The fact that Latin was scantly known by the lower classes of medieval Europe, combined with the fact that Bibles of the time had to be copied by hand, meant that few were able to read or possess a Bible. The proliferation of the printing press in the 15th century changed everything, however. Through printing, the Bible was made orders of magnitude cheaper, while learning Latin was not. This combined with a broader movement against the church hierarchy by theologians such as Luther and Calvin provided the perfect opportunity for Bibles to start being printed in countries’ vernacular. This specific Great Bible was authorized by Henry VIII soon after breaking from Catholicism and founding the Church of England in 1534, making it very, very early.

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Elena: I hope you’re enjoying this episode of Unboxed. My name’s Elena– 

Troy: And I’m Troy. Both Elena and I are members of the UCSB History Club and avid listeners of UNBOXED. That’s right. Troy. 

Elena: The UCSB History Club is a big supporter of the Undergraduate Journal of History and hope that listeners of Unboxed will also consider joining us at History Club events. 

Troy: We sure do Elena! The History Club at UC Santa Barbara is a student run campus club that meets weekly during the academic year. We host faculty and graduate student speakers as part of our fireside chat series. We also get together to play games and study, host potlucks, and holiday themed events. 

Elena: And Troy, don’t forget that sometimes we even travel to local heritage sites around Santa Barbara. So if you want to get in on the fun, follow us on Instagram @UCSBhistoryclub. We hope to see you at the history club meetings soon. Okay, now let’s get back to this episode of Unboxed. Oh, I can’t wait to hear how this one ends.

– Act 3 –

While the backstory behind this Bible being printed in English is important as a historical piece, this specific leaf of the Great Bible also offers a window into the crucial world-shattering moment in European history that was the outbreak of World War Two through the stories depicted within: the Washing of the Feet and the Last Supper. Both stories took place on the same night within biblical canon, the night of Jesus’ betrayal and handing over to the Roman authorities by the Sanhedrin to be crucified according to Orthodox interpretation.

Both stories exemplify selfless love. In the first Jesus, who Christians believe is God, humbles himself to wash his followers’ feet, including Judas, the man who would betray him. In the second Jesus, according to some denominations, gives his literal flesh and blood to unite his followers with him and give them eternal life, while other denominations view the last supper as a symbolic reminder of Jesus’ death for humanity.

The theological background is important to understand why Alan would choose these verses to counter the, in his words, “greed, hatred, and avarice of the world”, nearly two months after the beginning of World War II. Both involve selflessness, love, and service to others.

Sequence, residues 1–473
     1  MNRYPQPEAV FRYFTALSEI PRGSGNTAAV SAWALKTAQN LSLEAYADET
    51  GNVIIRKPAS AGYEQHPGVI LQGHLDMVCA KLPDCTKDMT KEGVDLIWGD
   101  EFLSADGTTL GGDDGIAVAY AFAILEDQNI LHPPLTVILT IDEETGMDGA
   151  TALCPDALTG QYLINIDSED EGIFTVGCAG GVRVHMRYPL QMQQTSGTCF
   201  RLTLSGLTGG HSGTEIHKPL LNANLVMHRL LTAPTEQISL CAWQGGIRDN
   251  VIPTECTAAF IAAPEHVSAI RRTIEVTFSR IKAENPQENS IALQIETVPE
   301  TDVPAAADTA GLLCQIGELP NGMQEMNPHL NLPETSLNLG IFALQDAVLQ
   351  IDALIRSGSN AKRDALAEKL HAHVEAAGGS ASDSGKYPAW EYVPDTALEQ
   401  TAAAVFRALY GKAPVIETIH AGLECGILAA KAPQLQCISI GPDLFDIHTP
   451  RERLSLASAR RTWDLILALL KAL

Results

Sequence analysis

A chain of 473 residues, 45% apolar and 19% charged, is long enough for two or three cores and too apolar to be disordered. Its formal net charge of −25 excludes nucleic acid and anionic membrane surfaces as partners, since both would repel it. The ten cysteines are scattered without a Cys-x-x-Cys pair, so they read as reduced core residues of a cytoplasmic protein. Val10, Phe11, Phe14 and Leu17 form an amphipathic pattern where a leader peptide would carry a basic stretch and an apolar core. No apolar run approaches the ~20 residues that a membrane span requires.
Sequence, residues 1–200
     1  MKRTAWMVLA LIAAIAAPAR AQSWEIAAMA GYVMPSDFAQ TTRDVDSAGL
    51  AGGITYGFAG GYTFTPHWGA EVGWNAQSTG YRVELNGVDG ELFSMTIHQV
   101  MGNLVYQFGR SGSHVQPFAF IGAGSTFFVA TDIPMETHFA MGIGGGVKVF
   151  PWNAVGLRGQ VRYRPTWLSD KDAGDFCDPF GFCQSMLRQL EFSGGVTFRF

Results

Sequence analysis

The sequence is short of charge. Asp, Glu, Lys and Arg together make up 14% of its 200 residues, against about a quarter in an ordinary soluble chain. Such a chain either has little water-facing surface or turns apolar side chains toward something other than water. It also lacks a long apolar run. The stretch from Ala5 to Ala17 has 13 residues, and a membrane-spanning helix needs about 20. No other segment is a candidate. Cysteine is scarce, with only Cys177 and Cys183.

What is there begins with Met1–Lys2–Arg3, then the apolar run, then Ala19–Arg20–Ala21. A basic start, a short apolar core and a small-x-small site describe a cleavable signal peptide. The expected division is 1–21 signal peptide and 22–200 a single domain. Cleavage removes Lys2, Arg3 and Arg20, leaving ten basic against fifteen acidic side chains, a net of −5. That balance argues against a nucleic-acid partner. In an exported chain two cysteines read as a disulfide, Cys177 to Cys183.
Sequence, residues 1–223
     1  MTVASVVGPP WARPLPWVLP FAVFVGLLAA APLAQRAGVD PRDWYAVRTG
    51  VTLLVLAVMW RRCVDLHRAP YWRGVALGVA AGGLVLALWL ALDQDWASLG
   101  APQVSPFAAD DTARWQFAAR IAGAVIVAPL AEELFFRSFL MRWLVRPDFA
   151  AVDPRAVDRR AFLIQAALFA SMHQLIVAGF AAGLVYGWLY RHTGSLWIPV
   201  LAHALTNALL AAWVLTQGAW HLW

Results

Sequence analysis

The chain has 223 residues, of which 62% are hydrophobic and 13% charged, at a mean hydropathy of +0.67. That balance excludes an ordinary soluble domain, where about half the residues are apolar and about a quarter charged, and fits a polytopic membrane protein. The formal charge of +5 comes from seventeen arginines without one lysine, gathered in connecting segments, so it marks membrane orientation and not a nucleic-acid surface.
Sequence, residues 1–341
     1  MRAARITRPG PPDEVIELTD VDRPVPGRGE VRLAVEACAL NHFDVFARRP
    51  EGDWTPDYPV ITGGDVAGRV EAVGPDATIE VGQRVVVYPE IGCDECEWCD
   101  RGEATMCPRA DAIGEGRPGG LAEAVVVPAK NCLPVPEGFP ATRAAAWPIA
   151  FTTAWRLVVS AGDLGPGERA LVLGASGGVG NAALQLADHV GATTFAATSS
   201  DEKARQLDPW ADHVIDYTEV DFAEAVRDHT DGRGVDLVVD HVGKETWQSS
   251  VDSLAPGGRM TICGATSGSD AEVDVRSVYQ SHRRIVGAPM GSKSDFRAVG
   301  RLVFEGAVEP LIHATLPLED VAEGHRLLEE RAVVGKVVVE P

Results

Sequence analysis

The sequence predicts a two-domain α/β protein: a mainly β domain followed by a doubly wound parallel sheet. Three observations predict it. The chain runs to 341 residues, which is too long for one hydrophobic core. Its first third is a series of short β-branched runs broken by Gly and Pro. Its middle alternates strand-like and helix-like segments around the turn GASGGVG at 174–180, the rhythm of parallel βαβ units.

Beyond simply serving as a commentary on the war region in Europe, these verses would have served as a reminder to Americans of a potentially more peaceful world reflecting the values depicted within biblical stories. Not only would these have served as a source of comfort during an extremely destructive and uncertain time, but for some, they would have been viewed as a foundation for a blueprint for the future after the war.

– Summary – 

I hope the amount of information contained within a single double-sided sheet of paper from an old, admittedly dusty Bible demonstrates the importance of the text when approaching the ancient and medieval worldview. From just a few lines of text, a dedicated historian can delve into issues of biblical translation, theological disagreements over the meaning of the text, the sorts of views sincere believers the text would have possessed, and how people throughout different times of history would have related to the stories within. 

While the Bible is an object, an inanimate book, people’s interpretations of it throughout history have been extremely important in political, philosophical, and social thought, changing accordingly with the times. 

If this was true for the American Henry A. Allen in December of 1939, who viewed the Washing of the Feet and the Last Supper as reminders of a moral code distinct from that of national socialism in Europe, how much truer would it have been for people centuries, if not millennia removed from us today. The first principles of worldview as contained within religious belief had serious implications for those who believed in it, and by understanding what these first principles are, historians’ understanding of historical figures that believed in them is greatly increased.

– Sneak Peek – 

Thanks for listening to this episode of Unboxed. Be sure to join us next week as Hanna shares their archive story of Unboxing  a comic depicting the 16th century Spanish expedition of Panfilo de Narvaez from the UCSB Library Special Research Collections. To see some images of today’s archival collection, check out our Instagram page @UCSBhistjournal and follow us on Spotify at The Undergraduate Journal of History: The Podcast.